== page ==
Research areaCell and Developmental Biology
B-Lymphocytes (B cells) are important cells of the immune system which produce antibody and also develop memory to fight the return of the infection.
During development and responses, B cells rely on their ability to change shape, send out protrusions and move within the body. The cell cytoskeleton and their remodelling are what make these cellular phenomena possible.
In the Matsuuchi lab and during my graduate studies, I worked on the role of a member of the Gap Junction protein family, conexin43 (Cx43) in the context of cytoskeletal remodelling in B- Lymphocytes.
Results of my work showed that the carboxyl tail (CT) of Cx43, previously identified as an important domain, can partake in B cell spreading in the absence of other domains of the protein. Further studies identified a specific part of the CT as well as residues important for B cell spreading response.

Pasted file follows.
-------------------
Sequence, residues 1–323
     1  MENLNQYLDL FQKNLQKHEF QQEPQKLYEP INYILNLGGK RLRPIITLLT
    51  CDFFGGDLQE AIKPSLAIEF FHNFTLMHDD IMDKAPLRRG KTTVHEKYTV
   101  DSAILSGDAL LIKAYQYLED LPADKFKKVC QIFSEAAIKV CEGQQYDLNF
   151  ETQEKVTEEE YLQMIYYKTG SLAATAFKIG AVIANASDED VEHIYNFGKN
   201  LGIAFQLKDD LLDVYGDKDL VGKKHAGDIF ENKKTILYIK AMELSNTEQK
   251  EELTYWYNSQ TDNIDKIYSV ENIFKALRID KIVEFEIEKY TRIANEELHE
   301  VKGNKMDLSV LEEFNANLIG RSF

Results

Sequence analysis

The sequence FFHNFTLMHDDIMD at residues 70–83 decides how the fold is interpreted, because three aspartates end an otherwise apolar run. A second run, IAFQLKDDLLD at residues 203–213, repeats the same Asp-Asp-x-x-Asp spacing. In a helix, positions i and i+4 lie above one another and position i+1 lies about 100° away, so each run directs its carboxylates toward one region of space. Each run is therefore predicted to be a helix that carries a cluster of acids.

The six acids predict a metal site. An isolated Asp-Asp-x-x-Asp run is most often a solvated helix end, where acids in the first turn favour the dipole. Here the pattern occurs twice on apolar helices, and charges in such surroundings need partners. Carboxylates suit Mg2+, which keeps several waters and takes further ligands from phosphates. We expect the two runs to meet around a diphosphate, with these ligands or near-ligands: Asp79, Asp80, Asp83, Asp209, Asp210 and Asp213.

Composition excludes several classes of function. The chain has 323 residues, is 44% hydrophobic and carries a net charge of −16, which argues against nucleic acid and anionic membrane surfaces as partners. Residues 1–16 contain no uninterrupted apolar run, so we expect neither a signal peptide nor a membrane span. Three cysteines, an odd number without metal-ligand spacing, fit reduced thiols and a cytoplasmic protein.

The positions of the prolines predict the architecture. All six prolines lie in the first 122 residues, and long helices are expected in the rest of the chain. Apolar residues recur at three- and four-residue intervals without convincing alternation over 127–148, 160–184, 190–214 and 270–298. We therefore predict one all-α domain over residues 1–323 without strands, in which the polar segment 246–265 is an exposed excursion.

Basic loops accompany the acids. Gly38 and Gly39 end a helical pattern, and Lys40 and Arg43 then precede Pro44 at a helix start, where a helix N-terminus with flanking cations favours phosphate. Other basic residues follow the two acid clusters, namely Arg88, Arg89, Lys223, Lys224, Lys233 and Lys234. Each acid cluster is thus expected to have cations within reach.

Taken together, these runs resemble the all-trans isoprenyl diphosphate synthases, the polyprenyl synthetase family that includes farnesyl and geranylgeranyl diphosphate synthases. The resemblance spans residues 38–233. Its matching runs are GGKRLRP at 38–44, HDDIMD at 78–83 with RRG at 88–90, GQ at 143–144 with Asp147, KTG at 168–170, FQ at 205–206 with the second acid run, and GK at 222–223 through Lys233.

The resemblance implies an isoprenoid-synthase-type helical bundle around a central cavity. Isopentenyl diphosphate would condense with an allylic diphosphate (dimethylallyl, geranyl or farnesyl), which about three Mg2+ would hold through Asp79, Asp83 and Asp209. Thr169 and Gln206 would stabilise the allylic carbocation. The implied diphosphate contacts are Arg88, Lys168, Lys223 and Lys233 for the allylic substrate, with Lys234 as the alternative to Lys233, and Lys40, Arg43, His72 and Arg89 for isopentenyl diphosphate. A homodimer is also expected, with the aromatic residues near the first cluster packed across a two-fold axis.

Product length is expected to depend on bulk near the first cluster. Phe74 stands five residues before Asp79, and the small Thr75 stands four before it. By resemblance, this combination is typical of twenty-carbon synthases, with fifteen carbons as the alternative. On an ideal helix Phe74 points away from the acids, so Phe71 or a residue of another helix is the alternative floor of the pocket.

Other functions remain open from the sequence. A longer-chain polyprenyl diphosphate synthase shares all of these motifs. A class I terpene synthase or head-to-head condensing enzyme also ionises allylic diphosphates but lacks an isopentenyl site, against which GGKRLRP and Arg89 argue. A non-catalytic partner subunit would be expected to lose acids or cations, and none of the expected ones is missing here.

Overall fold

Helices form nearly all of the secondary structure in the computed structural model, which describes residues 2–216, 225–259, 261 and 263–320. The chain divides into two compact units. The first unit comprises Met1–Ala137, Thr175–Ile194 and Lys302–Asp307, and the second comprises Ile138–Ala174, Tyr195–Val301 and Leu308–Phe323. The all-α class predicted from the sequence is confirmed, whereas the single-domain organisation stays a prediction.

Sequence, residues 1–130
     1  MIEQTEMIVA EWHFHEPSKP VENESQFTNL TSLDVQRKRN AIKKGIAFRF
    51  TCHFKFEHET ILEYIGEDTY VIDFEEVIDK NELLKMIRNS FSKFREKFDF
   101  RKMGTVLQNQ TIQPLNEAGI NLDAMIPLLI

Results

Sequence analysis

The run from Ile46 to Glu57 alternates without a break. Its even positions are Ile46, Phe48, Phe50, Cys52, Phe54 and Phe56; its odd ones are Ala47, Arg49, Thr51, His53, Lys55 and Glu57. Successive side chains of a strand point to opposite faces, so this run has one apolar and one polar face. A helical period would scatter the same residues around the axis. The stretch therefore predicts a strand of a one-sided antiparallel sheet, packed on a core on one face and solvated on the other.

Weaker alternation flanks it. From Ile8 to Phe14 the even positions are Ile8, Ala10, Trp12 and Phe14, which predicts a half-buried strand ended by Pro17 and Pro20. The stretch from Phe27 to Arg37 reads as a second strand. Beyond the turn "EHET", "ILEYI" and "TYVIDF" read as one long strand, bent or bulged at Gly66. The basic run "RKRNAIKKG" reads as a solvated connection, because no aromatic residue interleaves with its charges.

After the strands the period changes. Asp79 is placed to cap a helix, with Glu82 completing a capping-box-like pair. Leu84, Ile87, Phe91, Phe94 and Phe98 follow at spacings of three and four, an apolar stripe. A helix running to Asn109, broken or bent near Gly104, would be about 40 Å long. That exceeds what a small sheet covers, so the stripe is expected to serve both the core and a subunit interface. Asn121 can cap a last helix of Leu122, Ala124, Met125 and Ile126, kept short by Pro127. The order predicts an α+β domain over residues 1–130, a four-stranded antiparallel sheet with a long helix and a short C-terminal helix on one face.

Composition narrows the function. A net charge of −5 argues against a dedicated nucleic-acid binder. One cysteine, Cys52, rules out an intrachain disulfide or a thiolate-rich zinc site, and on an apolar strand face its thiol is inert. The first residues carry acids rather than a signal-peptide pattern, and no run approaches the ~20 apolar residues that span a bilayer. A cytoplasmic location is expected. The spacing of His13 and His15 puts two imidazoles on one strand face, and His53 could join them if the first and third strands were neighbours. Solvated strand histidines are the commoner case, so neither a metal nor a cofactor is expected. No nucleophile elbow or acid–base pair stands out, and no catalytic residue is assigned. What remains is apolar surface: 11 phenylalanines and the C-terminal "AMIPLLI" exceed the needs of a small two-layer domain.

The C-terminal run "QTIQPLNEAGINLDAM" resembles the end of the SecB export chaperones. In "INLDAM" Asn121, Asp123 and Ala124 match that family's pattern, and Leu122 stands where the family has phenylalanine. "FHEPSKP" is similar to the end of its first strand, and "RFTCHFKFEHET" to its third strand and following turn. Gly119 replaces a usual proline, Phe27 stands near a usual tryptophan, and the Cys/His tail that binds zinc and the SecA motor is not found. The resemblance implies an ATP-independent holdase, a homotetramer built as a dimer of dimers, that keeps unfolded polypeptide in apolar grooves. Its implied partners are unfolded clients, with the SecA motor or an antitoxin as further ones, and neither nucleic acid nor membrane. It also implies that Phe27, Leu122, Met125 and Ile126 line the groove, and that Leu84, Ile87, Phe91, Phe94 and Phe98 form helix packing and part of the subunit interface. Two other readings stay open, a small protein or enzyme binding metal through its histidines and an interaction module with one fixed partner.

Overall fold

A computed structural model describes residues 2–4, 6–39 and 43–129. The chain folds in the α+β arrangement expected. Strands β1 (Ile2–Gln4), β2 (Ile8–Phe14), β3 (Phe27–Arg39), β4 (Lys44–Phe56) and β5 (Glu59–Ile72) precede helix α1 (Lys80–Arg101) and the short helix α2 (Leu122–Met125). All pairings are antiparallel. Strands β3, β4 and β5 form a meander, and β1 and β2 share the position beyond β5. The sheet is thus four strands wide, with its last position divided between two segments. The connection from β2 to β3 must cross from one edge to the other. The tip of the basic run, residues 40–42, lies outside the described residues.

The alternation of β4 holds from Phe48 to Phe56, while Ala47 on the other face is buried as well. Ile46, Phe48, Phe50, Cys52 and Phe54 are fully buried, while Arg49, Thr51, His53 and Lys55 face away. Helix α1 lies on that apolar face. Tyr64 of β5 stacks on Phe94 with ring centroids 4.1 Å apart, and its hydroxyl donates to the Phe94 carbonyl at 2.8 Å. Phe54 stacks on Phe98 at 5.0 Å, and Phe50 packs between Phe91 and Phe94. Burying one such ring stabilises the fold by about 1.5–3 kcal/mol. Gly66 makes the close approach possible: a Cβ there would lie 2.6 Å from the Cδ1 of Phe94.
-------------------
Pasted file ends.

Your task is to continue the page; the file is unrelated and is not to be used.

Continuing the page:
B cells spread their membrane in response to antigen encounter and this cytoskeletal dependent process is an important early step of B cell activation. The results of these studies will provide new insight into B cell function and can introduce new targets for regulating B cell responses.